An aneurysm is an enlarged portion of a blood vessel that can rupture and be fatal.

An aneurysm is caused by a weakness in the blood vessel wall, usually where it branches. As blood passes through the weakened blood vessel, the blood pressure causes a small area to bulge outwards.

Aneurysms can develop in any blood vessel anywhere in the body, but the most common are the abdominal aorta (the artery that transports blood away from the heart to the rest of the body) and the brain. There are other types of aneurysm.

It’s important to diagnose an aneurysm as soon as possible, as they become larger over time, resulting in a risk of rupture, which can be dangerous and lead to death.

Causes and risk factors include high blood pressure (hypertension), a family history of brain aneurysms and smoking.

What are its symptoms?

Symptoms of aneurysm are rare and difficult to detect. They also depend on the type and location of the aneurysm.

An aneurysm in the brain will only cause rupture symptoms (subarachnoid haemorrhage). Bleeding caused by the ruptured aneurysm can cause extensive brain damage and symptoms such as:

  • A painful headache
  • Stiff neck
  • Back pain
  • Nausea
  • Vomiting
  • Blurred vision
  • Drooping eyelid
  • Loss of consciousness

Most abdominal aortic aneurysms (AAAs) develop slowly over years. They often don't cause signs or symptoms unless they rupture. However, symptoms can include:

  • A throbbing feeling in the stomach and abdomen
  • A deep pain in the abdomen and back
  • Steady pain in your abdomen that lasts for hours or days

How is it diagnosed?

In a typical aneurysm diagnosis, your doctor will question you about your symptoms, medical history and about possible incidences of aneurysms in your family.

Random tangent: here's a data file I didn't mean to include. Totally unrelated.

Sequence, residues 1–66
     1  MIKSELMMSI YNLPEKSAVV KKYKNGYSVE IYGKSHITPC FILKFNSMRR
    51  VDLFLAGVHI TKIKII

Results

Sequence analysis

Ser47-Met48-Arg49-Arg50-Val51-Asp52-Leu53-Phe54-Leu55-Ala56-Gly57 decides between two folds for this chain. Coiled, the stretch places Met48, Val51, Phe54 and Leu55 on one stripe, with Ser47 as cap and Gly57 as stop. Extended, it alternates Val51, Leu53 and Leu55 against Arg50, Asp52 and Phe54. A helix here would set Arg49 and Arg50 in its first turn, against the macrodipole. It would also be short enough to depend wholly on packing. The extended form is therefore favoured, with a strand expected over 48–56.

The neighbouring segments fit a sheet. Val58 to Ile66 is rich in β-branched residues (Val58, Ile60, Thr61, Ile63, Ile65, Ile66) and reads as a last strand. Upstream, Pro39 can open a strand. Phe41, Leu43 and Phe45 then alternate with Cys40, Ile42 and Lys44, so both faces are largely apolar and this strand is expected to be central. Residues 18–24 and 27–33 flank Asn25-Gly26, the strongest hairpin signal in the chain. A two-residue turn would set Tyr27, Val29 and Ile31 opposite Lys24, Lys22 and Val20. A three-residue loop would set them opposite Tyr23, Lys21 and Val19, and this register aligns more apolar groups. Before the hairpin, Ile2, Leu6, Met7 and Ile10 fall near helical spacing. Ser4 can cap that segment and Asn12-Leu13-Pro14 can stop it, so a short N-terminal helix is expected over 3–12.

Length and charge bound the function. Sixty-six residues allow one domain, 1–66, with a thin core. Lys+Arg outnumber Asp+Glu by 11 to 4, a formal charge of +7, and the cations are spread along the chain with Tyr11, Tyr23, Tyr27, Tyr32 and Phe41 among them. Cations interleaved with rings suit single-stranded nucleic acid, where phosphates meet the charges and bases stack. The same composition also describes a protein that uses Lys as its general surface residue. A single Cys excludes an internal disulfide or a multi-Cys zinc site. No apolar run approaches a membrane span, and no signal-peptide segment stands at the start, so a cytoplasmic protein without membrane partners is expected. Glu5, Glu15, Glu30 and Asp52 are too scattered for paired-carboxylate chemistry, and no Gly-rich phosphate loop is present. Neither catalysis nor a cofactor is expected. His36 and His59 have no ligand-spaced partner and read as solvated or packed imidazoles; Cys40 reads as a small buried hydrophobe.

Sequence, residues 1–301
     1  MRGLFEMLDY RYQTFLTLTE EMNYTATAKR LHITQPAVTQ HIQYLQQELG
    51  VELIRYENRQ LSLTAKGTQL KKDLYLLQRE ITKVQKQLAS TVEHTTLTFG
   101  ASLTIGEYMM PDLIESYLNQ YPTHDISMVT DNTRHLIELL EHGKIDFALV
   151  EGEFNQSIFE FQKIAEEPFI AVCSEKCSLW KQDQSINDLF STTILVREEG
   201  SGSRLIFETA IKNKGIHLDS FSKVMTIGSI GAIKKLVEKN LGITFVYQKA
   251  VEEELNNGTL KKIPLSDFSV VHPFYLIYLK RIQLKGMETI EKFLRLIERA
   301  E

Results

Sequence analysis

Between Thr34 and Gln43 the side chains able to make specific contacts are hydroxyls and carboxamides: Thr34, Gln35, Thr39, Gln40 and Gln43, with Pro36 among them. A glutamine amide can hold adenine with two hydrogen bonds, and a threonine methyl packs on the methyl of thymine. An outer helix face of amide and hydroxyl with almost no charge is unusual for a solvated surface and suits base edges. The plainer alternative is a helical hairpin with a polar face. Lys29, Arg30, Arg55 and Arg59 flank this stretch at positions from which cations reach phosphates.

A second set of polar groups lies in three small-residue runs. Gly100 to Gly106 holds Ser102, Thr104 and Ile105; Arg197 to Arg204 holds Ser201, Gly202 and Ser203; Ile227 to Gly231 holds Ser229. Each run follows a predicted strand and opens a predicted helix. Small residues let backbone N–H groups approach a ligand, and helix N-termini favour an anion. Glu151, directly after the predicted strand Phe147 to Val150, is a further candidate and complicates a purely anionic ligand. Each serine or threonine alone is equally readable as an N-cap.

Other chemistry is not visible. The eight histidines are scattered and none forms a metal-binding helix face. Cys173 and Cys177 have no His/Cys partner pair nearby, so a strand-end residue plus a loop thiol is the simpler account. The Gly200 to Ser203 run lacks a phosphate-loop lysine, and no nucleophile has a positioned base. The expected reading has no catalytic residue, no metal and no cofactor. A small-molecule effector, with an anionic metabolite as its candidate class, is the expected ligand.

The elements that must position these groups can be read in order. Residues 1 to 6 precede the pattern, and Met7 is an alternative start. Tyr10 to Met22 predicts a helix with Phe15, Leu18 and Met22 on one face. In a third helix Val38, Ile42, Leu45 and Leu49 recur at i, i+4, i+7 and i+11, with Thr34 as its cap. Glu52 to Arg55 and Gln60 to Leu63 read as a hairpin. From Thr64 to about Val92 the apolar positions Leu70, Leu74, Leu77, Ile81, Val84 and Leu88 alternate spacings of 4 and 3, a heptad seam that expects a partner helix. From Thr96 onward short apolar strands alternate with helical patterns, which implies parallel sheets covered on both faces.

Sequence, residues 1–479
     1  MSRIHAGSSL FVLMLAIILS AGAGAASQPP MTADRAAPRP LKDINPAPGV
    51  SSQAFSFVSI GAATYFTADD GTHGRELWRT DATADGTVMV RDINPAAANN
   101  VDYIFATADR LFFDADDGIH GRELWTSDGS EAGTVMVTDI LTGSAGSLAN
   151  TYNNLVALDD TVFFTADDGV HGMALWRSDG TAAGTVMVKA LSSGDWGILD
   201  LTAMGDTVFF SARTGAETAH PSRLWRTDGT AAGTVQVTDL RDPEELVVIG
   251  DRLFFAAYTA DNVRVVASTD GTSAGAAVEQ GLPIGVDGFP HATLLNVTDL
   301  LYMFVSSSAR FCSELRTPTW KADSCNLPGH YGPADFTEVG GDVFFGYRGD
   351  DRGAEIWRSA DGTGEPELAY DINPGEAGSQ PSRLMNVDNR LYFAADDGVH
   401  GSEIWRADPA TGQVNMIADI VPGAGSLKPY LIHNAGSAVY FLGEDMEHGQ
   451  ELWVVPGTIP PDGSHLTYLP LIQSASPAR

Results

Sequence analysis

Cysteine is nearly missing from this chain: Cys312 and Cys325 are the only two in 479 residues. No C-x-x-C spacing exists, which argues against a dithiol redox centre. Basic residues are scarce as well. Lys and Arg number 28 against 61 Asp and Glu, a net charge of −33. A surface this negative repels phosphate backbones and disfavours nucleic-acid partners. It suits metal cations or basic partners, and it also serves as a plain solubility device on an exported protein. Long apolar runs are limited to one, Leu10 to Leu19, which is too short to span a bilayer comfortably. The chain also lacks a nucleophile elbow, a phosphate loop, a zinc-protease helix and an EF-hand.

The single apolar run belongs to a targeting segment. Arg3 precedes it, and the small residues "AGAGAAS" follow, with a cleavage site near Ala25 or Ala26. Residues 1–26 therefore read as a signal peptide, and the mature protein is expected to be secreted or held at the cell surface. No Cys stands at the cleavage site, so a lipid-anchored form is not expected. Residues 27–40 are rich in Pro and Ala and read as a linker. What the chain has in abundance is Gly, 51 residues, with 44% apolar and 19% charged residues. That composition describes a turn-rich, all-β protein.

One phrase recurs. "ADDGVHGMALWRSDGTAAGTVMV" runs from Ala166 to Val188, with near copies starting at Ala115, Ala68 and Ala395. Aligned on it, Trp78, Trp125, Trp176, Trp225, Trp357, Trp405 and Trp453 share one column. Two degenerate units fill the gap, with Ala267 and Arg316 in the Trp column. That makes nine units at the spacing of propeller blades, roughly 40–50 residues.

He/she will then perform a physical examination, including listening to your heart, checking your blood pressure, listening to the arteries in your neck and feeling your abdomen for a mass.

If your doctor suspects that you have an aneurysm in your aorta, an ultrasound test may be performed to pinpoint and measure it. If an aneurysm in the chest is suspected, a CT scan may be recommended to measure it more closely.

If your doctor suspects an aneurysm in the brain, a CT scan or angiogram (an invasive test) will be recommended. An MRI can also be recommended in the assessment of the aorta or blood vessels in the brain.

What are your treatment options?

Treatment depends on the size, type and location of an aneurysm.

For inoperable aneurysms, you may be prescribed drugs that lower your blood pressure or reduce the force of your heart’s contractions, so minimising rupture risk.

For an operable aneurysm, your doctor may first try drug therapy and then monitor it with periodic testing to track the aneurysm's growth.

If an aneurysm has become dangerously enlarged, you may need an operation. A surgeon can insert a clip that cuts off blood flow to the affected area. An aneurysm may also be removed and the section of artery replaced with a synthetic graft.

Can it be prevented?

It is not possible to prevent an aneurysm. Your best strategy is to know if you are at risk and take steps towards prevention. This includes avoiding activities that could damage your blood vessels, such as:

  • Smoking
  • A high-fat diet
  • Lack of exercise
  • Being overweight or obese

The most important thing you can do to prevent aneurysms is to control your blood pressure.

People at high risk of aneurysms may benefit from early routine screenings. Your doctor may recommend this if you're:

  • A man between the ages of 65 and 75 who has smoked
  • A man or woman between the ages of 65 and 75 who has a family history of aneurysms

If you’re at risk, but not in one of these high-risk groups, ask your doctor whether screening will benefit you.

 

The accuracy of this information was checked and approved by physician Dr Thomas Blake in December 2015